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All in a day’s work

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All in a day’s work

So what did you do at work today?  I sometimes think about my job and how unusual it can be.  Take today for example. As I was driving to the Newark Airport to pick up Editor Pete Geiger and then on to meet up with ESPN, I thought to myself — who else does things like this during his/her working day?

As you know by now, the Farmers’ Almanac is predicting an “intense storm with heavy rain, wind, snow…” on Super Bowl Sunday, February 2, 2014, and that it’s being played outdoors in a cold weather environment — MetLife Stadium, NJ, (thus the interest from ESPN).

After I picked up Pete, we were on to East Rutherford, which is close to the stadium, to meet with Rick Reilly, an eleven-time National Sportswriter of the Year, and ESPN Columnist and Television Contributor/Essayist. Reilly had some good questions about our weather predictions for the Super Bowl as well as some others about the Almanac itself.

They taped interviews with Peter and myself and are scheduled to go Lewiston, Maine, Farmers’ Almanac headquarters, sometime soon. It was a fun morning and now I’m back in my home office …waiting for the next interesting job request I might get.

(Continued Below)

(I have visited a farmer for a CNN interview, met Anderson Cooper & Lou Dobbs, sponsored a National Desert Contest, toured with a mosquito trap company, hit a bus (ok just tapped it) on my way in to NYC for an interview, and gotten poison ivy while on a photo shoot. It’s all just part of the job.)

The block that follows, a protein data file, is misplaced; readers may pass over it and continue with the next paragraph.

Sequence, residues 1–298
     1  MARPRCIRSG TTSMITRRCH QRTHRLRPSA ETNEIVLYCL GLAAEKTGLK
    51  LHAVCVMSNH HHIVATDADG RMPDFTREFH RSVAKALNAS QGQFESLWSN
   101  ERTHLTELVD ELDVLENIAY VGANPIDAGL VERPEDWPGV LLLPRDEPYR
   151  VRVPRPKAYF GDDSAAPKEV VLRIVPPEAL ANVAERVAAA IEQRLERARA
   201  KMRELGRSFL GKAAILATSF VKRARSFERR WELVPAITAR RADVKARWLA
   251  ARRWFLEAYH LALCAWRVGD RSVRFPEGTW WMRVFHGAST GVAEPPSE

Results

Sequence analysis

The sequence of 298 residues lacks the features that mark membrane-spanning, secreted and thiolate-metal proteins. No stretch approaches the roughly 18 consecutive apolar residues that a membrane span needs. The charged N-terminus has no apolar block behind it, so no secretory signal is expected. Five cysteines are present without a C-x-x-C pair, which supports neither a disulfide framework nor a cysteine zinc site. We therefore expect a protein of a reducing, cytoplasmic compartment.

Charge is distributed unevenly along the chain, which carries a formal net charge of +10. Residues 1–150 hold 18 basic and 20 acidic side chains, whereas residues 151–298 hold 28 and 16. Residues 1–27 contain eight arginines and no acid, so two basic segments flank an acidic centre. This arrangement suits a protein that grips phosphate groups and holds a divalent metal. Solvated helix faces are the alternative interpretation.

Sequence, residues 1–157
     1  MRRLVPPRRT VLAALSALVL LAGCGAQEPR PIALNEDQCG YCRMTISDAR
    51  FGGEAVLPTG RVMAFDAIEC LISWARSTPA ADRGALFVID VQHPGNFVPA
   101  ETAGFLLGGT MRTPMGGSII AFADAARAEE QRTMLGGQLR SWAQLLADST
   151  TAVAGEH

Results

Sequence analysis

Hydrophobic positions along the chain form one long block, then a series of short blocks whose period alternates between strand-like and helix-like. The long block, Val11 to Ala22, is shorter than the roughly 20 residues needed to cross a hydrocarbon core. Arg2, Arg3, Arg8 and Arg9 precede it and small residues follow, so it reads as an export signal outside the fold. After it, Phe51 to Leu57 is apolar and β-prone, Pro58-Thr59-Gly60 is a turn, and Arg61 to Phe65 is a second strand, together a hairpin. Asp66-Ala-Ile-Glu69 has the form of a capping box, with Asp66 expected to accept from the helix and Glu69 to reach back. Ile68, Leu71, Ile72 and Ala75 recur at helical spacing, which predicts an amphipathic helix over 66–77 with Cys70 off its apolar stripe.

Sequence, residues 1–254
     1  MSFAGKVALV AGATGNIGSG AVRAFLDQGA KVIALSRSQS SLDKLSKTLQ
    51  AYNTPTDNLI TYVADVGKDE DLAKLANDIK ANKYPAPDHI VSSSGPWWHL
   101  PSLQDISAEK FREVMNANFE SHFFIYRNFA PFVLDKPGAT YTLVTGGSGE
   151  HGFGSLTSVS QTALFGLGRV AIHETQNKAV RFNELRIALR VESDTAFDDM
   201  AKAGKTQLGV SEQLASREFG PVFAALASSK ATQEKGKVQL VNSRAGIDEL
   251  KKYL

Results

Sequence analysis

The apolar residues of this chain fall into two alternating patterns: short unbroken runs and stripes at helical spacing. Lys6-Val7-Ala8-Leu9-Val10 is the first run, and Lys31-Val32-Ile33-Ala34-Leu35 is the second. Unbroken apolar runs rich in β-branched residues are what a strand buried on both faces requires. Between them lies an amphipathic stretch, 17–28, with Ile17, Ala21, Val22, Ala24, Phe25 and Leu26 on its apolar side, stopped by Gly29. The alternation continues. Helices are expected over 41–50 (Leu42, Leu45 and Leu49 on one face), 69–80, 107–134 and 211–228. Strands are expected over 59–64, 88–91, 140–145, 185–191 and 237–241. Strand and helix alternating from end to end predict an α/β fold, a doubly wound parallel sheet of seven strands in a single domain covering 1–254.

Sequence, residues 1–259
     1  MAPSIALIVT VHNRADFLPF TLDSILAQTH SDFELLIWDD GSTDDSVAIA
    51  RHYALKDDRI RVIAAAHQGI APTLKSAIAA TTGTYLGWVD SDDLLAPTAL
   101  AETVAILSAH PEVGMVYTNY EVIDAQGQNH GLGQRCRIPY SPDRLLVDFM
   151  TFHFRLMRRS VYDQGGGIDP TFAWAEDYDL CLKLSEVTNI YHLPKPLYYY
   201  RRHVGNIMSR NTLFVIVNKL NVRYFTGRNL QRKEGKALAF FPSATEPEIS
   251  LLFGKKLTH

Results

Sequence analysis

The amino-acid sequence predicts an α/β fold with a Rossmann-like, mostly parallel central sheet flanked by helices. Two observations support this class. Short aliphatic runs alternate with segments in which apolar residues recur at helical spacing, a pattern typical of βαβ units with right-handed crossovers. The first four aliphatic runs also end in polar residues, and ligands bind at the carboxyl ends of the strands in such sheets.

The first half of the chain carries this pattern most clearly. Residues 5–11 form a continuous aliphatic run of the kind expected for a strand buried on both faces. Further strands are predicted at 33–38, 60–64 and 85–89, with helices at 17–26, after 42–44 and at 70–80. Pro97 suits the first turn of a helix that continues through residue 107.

I’ll let you know when our interview will air on ESPN so you can tune in. Until then …here’s to unusual days on the job.

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If you notice a hole in the upper left-hand corner of your Farmers' Almanac, don't return it to the store! That hole isn't a defect; it's a part of history. Starting with the first edition of the Farmers' Almanac in 1818, readers used to nail holes into the corners to hang it up in their homes, barns, and outhouses (to provide both reading material and toilet paper). In 1919, the Almanac's publishers began pre-drilling holes in the corners to make it even easier for readers to keep all of that invaluable information (and paper) handy.

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